The increasingly militant killings of Christians in north-central Nigeria by Muslim Fulani herdsmen are described as revived attempts at religious and ethnic cleansing by survivors, Morning Star News reported.
Sahara TV screen capture
Armed Fulani herdsmen, such as this one shown on Sahara TV in October, are responsible for at least 140 deaths of Christian farmers in Kaduna state, Nigeria since May.
Fulani herdsmen, at times disguised as Nigerian soldiers expected to protect villagers, killed at least 36 Christian farmers in separate attacks in four villages in Kaduna state in mid-November, Morning Star said. The killings are on the heels of the slaughter of about 85 Christians in Kaduna between September and Nov. 13 by the herdsmen, and are part of at least 140 such deaths since attacks intensified in May, Morning Star reported.
A local pastor of the Evangelical Church Winning All (ECWA), Zachariah Gado, has called the killings “a campaign of ethno-religious cleansing by Fulani herdsmen militia.” The attacks target Christians and members of the Kaninkon Chiefdom ethnicity, a ruler from the ethnic group told CityNewsline.com and other local news sites.
Concurrently about 475 miles east of Kaduna, Boko Haram militants continue to destroy villages around the mostly Christian town of Chibok, the site of the 2014 kidnapping of nearly 300 schoolgirls, World News Service reported. The attacks have occurred even as Nigerian military officers continue to proclaim defeat of the Islamists, a claim Nigerian President Muhammadu Buhari first said in late 2015.
The president of the Christian Association of Nigeria (CAN), Samson Supo Ayokunle, called the Fulani attacks “Boko Haram in another color.” Fulani herdsmen have also wounded 215 and displaced 10,000 Christians since May, CAN leaders said.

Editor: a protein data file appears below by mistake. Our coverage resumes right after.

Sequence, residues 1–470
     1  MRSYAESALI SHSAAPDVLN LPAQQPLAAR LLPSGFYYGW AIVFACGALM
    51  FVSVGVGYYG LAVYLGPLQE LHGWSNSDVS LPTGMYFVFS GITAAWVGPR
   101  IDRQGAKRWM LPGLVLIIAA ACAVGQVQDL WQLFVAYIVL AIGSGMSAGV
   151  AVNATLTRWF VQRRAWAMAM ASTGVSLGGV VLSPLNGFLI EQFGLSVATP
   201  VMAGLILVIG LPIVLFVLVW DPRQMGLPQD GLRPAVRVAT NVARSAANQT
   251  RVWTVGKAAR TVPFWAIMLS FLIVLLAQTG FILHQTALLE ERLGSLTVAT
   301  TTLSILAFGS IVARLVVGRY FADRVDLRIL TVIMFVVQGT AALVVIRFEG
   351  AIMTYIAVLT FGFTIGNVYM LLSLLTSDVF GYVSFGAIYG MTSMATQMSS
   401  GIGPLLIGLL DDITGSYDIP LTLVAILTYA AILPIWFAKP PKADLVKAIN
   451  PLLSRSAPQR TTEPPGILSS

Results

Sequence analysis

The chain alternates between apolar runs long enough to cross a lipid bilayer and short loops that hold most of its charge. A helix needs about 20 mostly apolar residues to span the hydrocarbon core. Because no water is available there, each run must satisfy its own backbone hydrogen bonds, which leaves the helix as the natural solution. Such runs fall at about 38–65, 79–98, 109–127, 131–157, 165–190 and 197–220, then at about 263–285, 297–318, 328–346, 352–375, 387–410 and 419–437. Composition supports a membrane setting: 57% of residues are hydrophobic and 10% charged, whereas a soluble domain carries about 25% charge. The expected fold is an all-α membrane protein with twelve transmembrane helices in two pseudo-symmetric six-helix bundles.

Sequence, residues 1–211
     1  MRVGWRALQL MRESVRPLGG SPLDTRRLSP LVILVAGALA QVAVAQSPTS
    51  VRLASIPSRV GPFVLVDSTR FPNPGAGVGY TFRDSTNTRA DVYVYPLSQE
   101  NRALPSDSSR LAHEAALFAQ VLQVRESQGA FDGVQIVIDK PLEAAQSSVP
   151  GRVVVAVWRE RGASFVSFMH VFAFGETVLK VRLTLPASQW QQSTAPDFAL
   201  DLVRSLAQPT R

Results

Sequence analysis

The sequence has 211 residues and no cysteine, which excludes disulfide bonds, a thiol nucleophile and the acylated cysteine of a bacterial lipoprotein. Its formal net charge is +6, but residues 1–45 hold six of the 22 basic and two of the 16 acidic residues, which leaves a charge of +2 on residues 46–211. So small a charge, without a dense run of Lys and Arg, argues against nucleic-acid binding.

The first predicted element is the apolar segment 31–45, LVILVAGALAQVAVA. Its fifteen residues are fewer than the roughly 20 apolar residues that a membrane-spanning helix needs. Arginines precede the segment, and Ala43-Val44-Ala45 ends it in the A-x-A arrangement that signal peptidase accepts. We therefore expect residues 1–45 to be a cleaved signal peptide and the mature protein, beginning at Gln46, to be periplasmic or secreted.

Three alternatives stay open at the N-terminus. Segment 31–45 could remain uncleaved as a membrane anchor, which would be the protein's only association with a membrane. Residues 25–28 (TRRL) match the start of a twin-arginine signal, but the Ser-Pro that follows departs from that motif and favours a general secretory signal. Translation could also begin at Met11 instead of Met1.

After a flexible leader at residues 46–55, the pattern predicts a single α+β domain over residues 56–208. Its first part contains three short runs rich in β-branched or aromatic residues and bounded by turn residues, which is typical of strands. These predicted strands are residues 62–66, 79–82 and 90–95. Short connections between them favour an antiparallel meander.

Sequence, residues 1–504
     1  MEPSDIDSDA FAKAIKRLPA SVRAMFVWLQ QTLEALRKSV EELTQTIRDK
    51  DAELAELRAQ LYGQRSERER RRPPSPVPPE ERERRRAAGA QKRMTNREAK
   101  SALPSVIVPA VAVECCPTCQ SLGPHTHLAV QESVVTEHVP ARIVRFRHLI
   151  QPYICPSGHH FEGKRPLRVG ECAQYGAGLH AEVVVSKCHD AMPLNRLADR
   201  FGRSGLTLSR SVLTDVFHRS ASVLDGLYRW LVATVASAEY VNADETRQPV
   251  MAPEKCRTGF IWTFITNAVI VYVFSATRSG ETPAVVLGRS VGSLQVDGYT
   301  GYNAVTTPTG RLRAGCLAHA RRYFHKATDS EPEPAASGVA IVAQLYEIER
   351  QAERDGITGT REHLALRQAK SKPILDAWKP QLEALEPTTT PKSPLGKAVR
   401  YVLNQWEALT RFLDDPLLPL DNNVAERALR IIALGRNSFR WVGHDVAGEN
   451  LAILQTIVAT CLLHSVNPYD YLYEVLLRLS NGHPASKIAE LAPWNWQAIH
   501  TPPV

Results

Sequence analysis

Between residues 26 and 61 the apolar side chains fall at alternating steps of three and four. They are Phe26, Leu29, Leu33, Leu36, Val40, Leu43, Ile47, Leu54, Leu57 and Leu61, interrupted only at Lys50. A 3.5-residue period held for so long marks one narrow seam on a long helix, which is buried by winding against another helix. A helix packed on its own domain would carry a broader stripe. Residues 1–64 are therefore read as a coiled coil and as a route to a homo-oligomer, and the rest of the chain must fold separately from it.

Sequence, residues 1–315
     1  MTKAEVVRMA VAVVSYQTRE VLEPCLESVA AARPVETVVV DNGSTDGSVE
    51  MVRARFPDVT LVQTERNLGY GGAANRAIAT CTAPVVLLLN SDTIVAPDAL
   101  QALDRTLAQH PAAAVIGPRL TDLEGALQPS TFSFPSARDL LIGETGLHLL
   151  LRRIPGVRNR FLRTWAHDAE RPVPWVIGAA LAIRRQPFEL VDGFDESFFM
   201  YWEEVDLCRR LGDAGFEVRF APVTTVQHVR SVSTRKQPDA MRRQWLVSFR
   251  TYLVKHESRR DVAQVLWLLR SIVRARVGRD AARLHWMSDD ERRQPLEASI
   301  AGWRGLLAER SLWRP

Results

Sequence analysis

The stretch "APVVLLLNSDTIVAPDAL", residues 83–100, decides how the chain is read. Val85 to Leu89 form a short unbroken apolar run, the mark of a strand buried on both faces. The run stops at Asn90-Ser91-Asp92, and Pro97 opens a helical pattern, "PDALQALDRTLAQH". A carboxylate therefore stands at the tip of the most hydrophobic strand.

The Jubilee Campaign for religious freedom issued a statement Nov. 9 noting the herdsmen have become increasingly murderous and bold.
“The Fulani militants have gotten little international attention due to a focus on the Boko Haram, allowing their activities to grow unchecked,” Jubilee said. “They typically kill villagers, burn villages and move in with their cattle so that any survivors from the attacked villages are unable to return and rebuild their lives. Christian communities have been especially attacked and displaced.”
In the latest attacks, heavily armed Fulani herdsmen began killing Christians Nov. 23 in Pasakori village and continued attacks days later in the nearby villages in the Gidan Waya District of Kaduna, area resident and ECWA member Joshua Aku told Morning Star. Herdsmen first burned the home of district leader and ECWA member Daniel Akai, Aku said.
“The house of Mr. Akai was burned by the herdsmen, as was St. Paul’s Catholic Church, and the offices of the ECWA Gidan Waya District Church Council were also destroyed,” Morning Star quoted Aku. “Most residents of Gidan Waya believe the herdsmen were brought to the area in a military helicopter and were ferried away soon after perpetuating the atrocities on the Christian communities.”
Nigerian military leaders, proclaiming a technical defeat of Boko Haram for nearly a year, have told residents that plans are in place to defeat the herdsmen. But such proclamations have not comforted Christian villagers who believe Boko Haram is still strong, based on attacks around Chibok, World News Service (WNS) reported. As recently as Nov. 20, Nigerian Army Chief Tukur Buratai said his troops had defeated Boko Haram and were involved in “mop-up operations” until remaining Boko Haram members surrender, WNS said.
Boko Haram attacked at least nine villages within 16 miles of Chibok in early November, Chibok local government chairman Yaga Yarkawa said at a Nov. 22 press conference, WNS said.
“Chibok is now under Boko Haram siege,” Yarkawa said. “Contrary to claims by the government and security operatives, Chibok is not safe.” Others, including Human Rights Watch Nigeria leader Mausi Segun, have also accused the Nigerian government of downplaying Boko Haram’s strength.
Boko Haram has killed an estimated 25,000 people and displaced about 2.5 million, including many Christians, in northeastern Nigeria since 2009 in its attempts to establish strict Sharia law across the country. The insurgents, who have proclaimed allegiance to the Islamic State, are also blamed for creating a humanitarian crisis of homelessness, hunger, sickness and starvation.
(EDITOR’S NOTE – Diana Chandler is Baptist Press’ general assignment writer/editor.)